Of course, it did not escape her notice that he’d never repeated the gesture.

Hers was a fine existence, a far better marriage than most women of her station could expect. If her husband did not love her, if he would never love her, then at least he did a good job of making her feel cared for and appreciated. And for now Kate was able to content herself with that.

And if he seemed distant during the day, well, he certainly wasn’t distant at night.

The rest of society, however, and Edwina in particular, had gotten it into their heads that Lord and Lady Bridgerton’s marriage was a love match. Edwina had taken to visiting in the afternoons, and this day was no exception. She and Kate were sitting in the drawing room, sipping tea and nibbling on biscuits, enjoying a rare moment of privacy now that Kate had bidden farewell to her daily swarm of visitors.

Everyone, it seemed, wanted to see how the new viscountess was getting along, and Kate’s drawing room was almost never empty in the afternoon.

Newton had hopped up onto the sofa beside Edwina, and she was idly stroking his fur as she said, “Everyone is talking about you today.”

Kate didn’t even pause as she lifted her tea to her lips and took a sip. “Everyone is always talking about me,” she said with a shrug. “They’ll soon find another topic.”

“Not,” Edwina replied, “as long as your husband keeps looking at you the way he did last night.”

Kate felt her cheeks grow warm. “He did nothing out of the ordinary,” she murmured.

“Kate, he was positively smoldering!” Edwina shifted her position as Newton shifted his, letting her know with a little whine that he wanted his belly rubbed. “I personally saw him push Lord Haveridge out of the way in his haste to reach your side.”

“We arrived separately,” Kate explained, although her heart was filling with a secret—and most probably foolish—joy. “I’m sure he just had something he needed to tell me.”

Edwina looked dubious. “And did he?”

“Did he what?”

“Tell you something,” Edwina said with palpable exasperation. “You just said you were sure he just had something he needed to tell you. If that were the case, wouldn’t he have told you whatever it was? And then you’d know he had something to tell you, right?”

Kate blinked. “Edwina, you’re making me dizzy.”

Edwina’s lips smooshed together in a disgruntled frown. “You never tell me anything.”

“Edwina, there’s nothing to tell!” Kate reached forward, grabbed a biscuit, and took a large, extremely uncouth bite so that her mouth would be too full to speak. What was she supposed to say to her sister—that before they’d even wed, her husband had informed her in a most matter-of-fact and straightforward manner that he would never love her?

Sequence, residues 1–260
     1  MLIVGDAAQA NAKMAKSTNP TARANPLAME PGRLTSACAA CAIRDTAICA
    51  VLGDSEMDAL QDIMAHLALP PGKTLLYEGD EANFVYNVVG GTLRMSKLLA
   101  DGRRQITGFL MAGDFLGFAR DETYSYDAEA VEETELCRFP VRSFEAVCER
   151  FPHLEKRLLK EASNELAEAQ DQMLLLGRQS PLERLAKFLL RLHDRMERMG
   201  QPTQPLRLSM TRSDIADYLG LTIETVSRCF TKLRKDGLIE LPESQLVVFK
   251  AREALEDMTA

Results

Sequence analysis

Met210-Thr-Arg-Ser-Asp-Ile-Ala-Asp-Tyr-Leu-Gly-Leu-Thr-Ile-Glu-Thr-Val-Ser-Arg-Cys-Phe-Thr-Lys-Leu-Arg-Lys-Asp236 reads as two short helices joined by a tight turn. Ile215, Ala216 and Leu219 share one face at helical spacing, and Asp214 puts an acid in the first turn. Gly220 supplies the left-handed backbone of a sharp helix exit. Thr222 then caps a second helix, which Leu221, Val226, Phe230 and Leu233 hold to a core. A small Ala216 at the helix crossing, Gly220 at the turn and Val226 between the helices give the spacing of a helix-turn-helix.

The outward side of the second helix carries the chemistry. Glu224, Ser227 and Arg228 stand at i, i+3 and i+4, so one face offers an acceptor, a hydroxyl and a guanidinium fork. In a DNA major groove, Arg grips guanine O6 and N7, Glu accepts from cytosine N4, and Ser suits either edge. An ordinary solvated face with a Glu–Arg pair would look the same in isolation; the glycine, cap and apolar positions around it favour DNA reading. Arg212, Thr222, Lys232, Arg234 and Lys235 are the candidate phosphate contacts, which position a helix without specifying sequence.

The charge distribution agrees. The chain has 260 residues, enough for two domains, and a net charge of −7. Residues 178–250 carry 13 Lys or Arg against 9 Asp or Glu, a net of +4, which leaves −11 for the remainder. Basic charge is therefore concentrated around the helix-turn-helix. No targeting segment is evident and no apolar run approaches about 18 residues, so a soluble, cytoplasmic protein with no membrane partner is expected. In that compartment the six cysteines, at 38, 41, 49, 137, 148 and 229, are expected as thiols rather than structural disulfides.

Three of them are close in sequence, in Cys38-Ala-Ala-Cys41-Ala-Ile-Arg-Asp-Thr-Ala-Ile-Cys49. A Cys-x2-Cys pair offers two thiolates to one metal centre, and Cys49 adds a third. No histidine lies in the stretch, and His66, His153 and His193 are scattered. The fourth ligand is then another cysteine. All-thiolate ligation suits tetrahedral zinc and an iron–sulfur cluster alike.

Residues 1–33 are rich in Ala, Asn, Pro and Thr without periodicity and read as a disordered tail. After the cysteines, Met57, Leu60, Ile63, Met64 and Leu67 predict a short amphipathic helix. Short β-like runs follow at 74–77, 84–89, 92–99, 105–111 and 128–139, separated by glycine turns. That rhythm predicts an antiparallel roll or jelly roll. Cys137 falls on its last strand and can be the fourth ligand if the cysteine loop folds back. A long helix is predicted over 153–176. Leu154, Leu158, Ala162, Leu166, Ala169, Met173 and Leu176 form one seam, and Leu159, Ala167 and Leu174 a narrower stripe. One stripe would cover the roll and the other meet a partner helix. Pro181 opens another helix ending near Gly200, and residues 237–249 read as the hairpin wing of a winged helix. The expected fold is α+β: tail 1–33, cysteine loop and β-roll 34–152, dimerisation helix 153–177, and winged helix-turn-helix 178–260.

That would make for charming conversation over tea and biscuits.

“Well,” Edwina finally announced, after watching Kate chew for an improbable full minute, “I actually had another reason for coming here today. I have something I wish to tell you.”

Kate swallowed gratefully. “Really?”

Edwina nodded, then blushed.

“What is it?” Kate implored, sipping at her tea. Her mouth was awfully dry after all that chewing.

“I think I’m in love.”

Kate nearly spit out her tea. “With whom?”

“Mr. Bagwell.”

Try as she might, Kate could not for the life of her recall who Mr. Bagwell was.

“He’s a scholar,” Edwina said with a dreamy sigh. “I met him at Lady Bridgerton’s country house party.”

“I don’t recall meeting him,” Kate said, her brow knitting into thoughtful lines.

“You were rather busy throughout the visit,” Edwina replied in an ironic voice. “Getting yourself betrothed and all that.”

Kate pulled the sort of face one could only display with a sibling. “Just tell me about Mr. Bagwell.”

Edwina’s eyes grew warm and bright. “He’s a second son, I’m afraid, so he cannot expect much in the way of income. But now that you’ve married so well, I needn’t worry about that.”

Kate felt an unexpected welling of tears in her eyes. She hadn’t realized just how pressured Edwina must have felt earlier that season. She and Mary had been careful to assure Edwina that she might marry anyone she liked, but they had all known exactly where their finances stood, and they had certainly all been guilty of making jokes about how it was just as easy to fall in love with a wealthy man as it was with a poor one.

It only took one look at Edwina’s face to realize that a huge burden had been lifted from her shoulders.

“I’m glad you’ve found someone who suits you,” Kate murmured.

“Oh, he does. I know that we shall not have much in the way of money, but truly, I don’t need silks and jewels.” Her eyes fell on the glittering diamond on Kate’s hand. “Not that I think you do, of course!” she quickly interjected, her face growing red. “Just that—”

“Just that it’s nice not to have to worry about supporting your sister and mother,” Kate finished for her in a gentle voice.

Edwina let out a huge sigh. “Exactly.”

Kate reached across the table and took her sister’s hands in hers. “You certainly needn’t worry about me, and I’m sure that Anthony and I will always be able to provide for Mary, should she ever need assistance.”

Edwina’s lips curved into a wobbly smile.

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